January 7, 2012
By Paul Giblin
BAGRAM, Afghanistan ---- The scope of work directed by the U.S. Army Corps of Engineers through its Bagram Area Office differs significantly from the scope of work supervised by the Corps of Engineers in the rest of northern Afghanistan.
The Bagram Area Office is located within Bagram Airfield, a large international air base that houses between 26,000 to 31,000 military and civilian personnel, and dozens of aircrafts ranging from C-130 cargo transport planes to F/A-14 fighter jets.
As a result, the Bagram office's portfolio features a great concentration of construction work to accommodate U.S. and coalition military forces. In contrast, the other area offices within northern Afghanistan have a greater focus on construction to benefit Afghan army and police forces.
Consider this: As of Dec. 2, across the district, 54 of 318 construction projects, or approximately 17 percent, were associated with U.S. and coalition military forces. That equated to $791.4 million of $2.9 billion, or approximately 27.7 percent, of total spending.
On the same date in the Bagram office though, 30 of 45 construction projects, or roughly 66.7 percent, were tied to U.S. and coalition military forces. That corresponded to $426.8 million of $642.6 million, or 66.4 percent, of the office's spending.
Overall, Bagram office personnel run 30 of the district's 54 military construction projects, and accounts for $426.8 million of the district's $791.4 million military construction budget. That equates to approximately 55.6 percent of the entire district's military construction projects, and 53.9 percent of all of the district's military construction spending.
The Corps of Engineers is installing permanent -- or at least semi-permanent facilities -- at the base, said Air Force Lt. Col. Daniel Gerdes, who took over as the officer in charge of the Bagram office in December. After the bulk of U.S. and coalition military personnel pull out of Afghanistan, a limited number are expected to remain at the airfield.
"Bagram is going through a significant transition during the next year to two years," Gerdes said. "We're transitioning out of a get-it-in, get-it-done, support-the-surge mindset into a long-term, five-year, 10-year vision for the base."
Details and dates always are subject to change, but for the time being, the master plan looks similar to master plans for a similar-sized base in the United States. "The structures that are going in are concrete and mortar, rather than plywood and tent skins. That is a major step," Gerdes said.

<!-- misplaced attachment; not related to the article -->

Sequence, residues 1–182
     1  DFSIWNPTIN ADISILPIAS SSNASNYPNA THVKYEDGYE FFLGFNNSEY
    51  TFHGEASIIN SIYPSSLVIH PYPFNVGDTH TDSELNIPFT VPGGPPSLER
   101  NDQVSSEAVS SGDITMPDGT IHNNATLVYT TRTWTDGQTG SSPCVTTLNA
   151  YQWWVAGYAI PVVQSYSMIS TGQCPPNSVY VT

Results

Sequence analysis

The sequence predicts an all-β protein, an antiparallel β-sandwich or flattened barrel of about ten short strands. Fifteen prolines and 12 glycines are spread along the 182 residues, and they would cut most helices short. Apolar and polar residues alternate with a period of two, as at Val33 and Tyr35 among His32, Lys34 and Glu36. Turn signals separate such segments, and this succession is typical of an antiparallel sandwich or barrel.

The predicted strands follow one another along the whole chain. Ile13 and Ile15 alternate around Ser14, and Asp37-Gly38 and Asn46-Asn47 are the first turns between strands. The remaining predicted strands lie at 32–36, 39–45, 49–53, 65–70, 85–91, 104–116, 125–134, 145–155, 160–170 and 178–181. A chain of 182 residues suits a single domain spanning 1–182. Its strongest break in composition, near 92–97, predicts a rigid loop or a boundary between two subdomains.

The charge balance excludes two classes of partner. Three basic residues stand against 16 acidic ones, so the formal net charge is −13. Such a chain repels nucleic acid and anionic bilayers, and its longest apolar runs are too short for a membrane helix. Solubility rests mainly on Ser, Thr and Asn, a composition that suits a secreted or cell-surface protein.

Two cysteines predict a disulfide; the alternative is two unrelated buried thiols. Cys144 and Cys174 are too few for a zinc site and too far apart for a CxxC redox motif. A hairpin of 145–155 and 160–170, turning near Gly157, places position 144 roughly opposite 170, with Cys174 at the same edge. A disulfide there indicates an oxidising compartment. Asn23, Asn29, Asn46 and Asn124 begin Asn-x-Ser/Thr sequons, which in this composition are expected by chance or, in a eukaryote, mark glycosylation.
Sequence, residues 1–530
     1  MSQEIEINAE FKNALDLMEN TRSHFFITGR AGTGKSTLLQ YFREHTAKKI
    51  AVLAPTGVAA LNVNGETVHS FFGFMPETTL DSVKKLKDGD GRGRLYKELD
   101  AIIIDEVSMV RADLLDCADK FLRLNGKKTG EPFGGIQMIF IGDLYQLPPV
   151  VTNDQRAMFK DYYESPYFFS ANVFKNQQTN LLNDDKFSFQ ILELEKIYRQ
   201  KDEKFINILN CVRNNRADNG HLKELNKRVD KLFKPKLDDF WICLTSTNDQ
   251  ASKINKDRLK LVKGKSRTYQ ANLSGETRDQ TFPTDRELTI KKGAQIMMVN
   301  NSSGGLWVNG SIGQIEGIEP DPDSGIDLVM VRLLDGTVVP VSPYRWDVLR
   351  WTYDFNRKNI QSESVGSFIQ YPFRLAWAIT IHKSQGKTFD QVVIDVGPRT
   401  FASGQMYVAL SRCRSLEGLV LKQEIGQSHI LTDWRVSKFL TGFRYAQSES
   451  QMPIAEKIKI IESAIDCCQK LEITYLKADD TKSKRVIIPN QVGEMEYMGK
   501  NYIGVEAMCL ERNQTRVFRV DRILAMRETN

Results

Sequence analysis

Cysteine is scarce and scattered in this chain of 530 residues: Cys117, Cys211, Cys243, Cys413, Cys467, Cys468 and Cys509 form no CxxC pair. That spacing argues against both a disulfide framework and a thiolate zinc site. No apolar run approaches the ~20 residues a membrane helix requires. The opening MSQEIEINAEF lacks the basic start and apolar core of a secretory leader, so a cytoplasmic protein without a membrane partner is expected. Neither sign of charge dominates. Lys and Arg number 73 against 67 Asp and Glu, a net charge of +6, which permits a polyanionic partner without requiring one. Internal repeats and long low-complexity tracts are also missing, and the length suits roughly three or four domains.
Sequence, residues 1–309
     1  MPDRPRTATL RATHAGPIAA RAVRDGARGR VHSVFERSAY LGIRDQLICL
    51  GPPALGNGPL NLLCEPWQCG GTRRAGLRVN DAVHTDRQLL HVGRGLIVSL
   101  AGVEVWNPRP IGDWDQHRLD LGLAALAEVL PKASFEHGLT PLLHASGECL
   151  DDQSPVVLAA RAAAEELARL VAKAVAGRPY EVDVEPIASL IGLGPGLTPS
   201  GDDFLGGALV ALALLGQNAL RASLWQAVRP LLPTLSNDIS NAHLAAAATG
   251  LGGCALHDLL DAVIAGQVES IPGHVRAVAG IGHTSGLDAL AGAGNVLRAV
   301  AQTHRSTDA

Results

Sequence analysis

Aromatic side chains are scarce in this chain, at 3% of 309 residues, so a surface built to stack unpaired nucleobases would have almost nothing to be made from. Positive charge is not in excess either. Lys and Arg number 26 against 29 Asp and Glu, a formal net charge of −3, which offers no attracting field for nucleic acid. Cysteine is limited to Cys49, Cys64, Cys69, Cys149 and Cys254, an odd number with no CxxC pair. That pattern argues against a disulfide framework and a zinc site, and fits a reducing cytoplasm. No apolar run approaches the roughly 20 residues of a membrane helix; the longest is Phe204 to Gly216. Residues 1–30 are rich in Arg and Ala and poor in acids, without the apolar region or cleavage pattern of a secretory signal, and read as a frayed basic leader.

The current scope of work features a variety of projects. Among them:
* A network of drainage systems for $9.9 million.
* Road construction valued at $14.3 million.
* A complex for special operations forces, comprised of two phases for $12.1 million and $16.9 million.
* A key component of the overall drainage system will be a tunnel for rainwater to flow under a taxiway near the north end of the runway.
Previously, rainwater collected in a wash -- or to use the Afghan term, a "wadi" -- near a taxiway. The water then spilled over the taxiway, leaving mounds of sand and silt in its wake. The new drainage system will direct the water into a reinforced culvert, then through a tunnel that was bored under the taxiway.
Other work will divert water into existing wadis and creeks around the base. The overall project began in October 2010 and is scheduled to be complete in December 2013.
The road project will replace miles of dirt roads with paved roads, reducing dust in the summer and mud in the winter. The project also will relieve some of Bagram's infamous traffic congestion, which is caused by too many cars, delivery trucks and military vehicles squeezed onto the existing roads.
Road construction is hampered by factors that are unique to the setting: Unmarked landmines and other unexploded ordinance left by Soviet and Taliban forces, and heavy concrete T-walls and earth-filled blast walls that sometimes stand in intended new routes.
Landmines and other unexploded ordnance must cleared, and new blast walls must be constructed and the existing walls removed before roadwork can begin.
The project began in October of 2009 and is set to be complete in December 2012.
The special operations forces complex will allow the secretive military personnel to operate with near-complete autonomy in a facility that essentially will be a base within a base.
The first phase started in March 2010 and is scheduled to be complete in May 2012. The second phase began in October 2010 and likewise is slated to be finished in May 2012.
"We're in a significant transition, and you're going to see that go on and on, as we go on," Gerdes said.